On the morning of November 29th, the second hate crime of the semester was found in the second floor bathroom of Jeffrey. President Bowen, Deans Coker and Johnson, and Director of Public Safety David Heffer infomed the student body of the crime by email.
The most recent graffiti included direct threats against Black members of the Goucher community. Additionally, it contained anti-Latinx threats.
In another email sent to the student body during the afternoon of December 6th, the same members of administration noted, “the individual who was arrested for these incidents is no longer enrolled with the College, and will have no future relationship with the College. Further, the campus removal and ban referenced in last week’s update remain in effect indefinitely.” The email also noted that the College’s conduct procedure is “completely independent” from that of the criminal justice system.
One way in which the procedures differ is in their decision to disclose or withhold the name of the individual arrested. While Goucher’s conduct process does not allow the release of the names of students involved in such proceedings, the Baltimore County State’s Attorney does not follow this regulation. Fynn Ajani Arthur was named as the student “arrested and charged […]with two counts of Malicious Destruction of Property,” according to the Baltimore County Government website. In an update from December 4th, the website noted that “[a]fter consulting with the State’s Attorney’s Office for Baltimore County, four additional charges have been sought against Fynn Arthur in the form of a court issued summons,” including “[t]wo counts of bias instigated destruction of property” and “[t]wo counts of animosity instigated harassment/destruction of property.”
The report also mentions that the Office of Public Safety “partnered with agents from the Federal Bureau of Investigation Baltimore Field Office” to conduct the investigation, a partnership which Heffer had noted in a December 6th interview with The Quindecim.
Heffer also stated during the interview that the Office of Public Safety is “continuing to work with [their] colleagues in Student Affairs to offer support to the students who were specifically targeted.”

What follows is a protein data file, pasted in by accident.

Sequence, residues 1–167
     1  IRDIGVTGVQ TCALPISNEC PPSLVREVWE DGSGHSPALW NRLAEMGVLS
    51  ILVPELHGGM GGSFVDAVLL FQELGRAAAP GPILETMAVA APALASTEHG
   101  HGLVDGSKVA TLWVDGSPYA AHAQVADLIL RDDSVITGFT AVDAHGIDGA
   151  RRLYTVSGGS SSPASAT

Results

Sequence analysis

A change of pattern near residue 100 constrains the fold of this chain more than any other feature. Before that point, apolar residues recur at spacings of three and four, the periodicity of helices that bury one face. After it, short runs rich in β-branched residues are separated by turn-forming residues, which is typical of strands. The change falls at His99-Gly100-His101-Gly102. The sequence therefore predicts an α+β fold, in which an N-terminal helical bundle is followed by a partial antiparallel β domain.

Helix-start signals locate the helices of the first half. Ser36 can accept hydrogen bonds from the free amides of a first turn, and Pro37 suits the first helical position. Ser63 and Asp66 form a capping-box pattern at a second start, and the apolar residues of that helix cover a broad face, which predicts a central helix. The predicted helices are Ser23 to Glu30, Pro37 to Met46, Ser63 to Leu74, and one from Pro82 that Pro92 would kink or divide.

When asked about next steps from an enforcement perspective, Heffer said, “We are conducting an extensive survey of campus facilities to determine locations to install cameras in the residence halls.”
As mentioned in much of the outside coverage of this story, Arthur was a member of the Men’s Lacrosse Team. This is not the first time in recent years that members of this team have received attention for racially motivated behavior. The Quindecim reached out via email to Brian Kelly, head coach of the men’s lacrosse team to comment about the team’s reaction and next steps in relation to Arthur’s arrest and beyond. Kelly’s reply included the team’s official statement condemning Arthur’s actions (pictured).
When asked about how he is cultivating a team culture that actively combats hate, Kelly noted that “we are very clear with our student-athletes, coaches, and recruits about our values and the potential we have to positively affect the pursuit of the college community’s values. As a team, we engage in conversations and trainings pertaining to issues of race and identity.”
As a part of these conversations and trainings, Kelly mentioned that, “…as a team we viewed a documentary titled ‘The Medicine Game’ which provides context for the origin of the sport of lacrosse and how it was conceived as an instrumental part of Native American culture to keep sickness from the tribe. Also, it follows the struggles of a couple of brothers from the Onondaga Nation who dream to play collegiate lacrosse. We tried to view this video from the following perspective – The white man took Native American lands and now they have taken their ‘Medicine Game’ and made it their own.” Kelly mentioned several related discussion questions asking team members to empathize with the brothers in the documentary, while also asking student-athletes to consider if they themselves “honor the game in the same way these brothers honor the game? This is a discussion that is ongoing and will continue throughout the spring.”
Kelly also pointed to “recent, deliberate recruiting efforts” that are “actively committed to encouraging prospective student-athletes of color to join our program. We now have a significantly more diverse roster than was the case three to four years ago. We’re very proud or [sic] our successes to that end and believe that our team now has greater opportunities to learn from each other’s differences.” He concluded by saying, “[a]s a program, we ask that a player RISE UP each day to meet their daily challenges to make themselves better individuals in the classroom, in the community, and as teammates. Like all of us, we have much to learn, but we are proud of the progress we have made as a program and as individuals.”
As Heffer pointed out toward the end of his December 6th interview with The Quindecim, “…this is not the end, this is just a reminder that we need to continue to address racism and racist acts and now we know that we can do this together, as a community.”
The Quindecim will continue reporting both on the ongoing judicial processes related to Fynn Arthur’s arrest as well as the ways in which the Goucher community continues to address racism in the long term.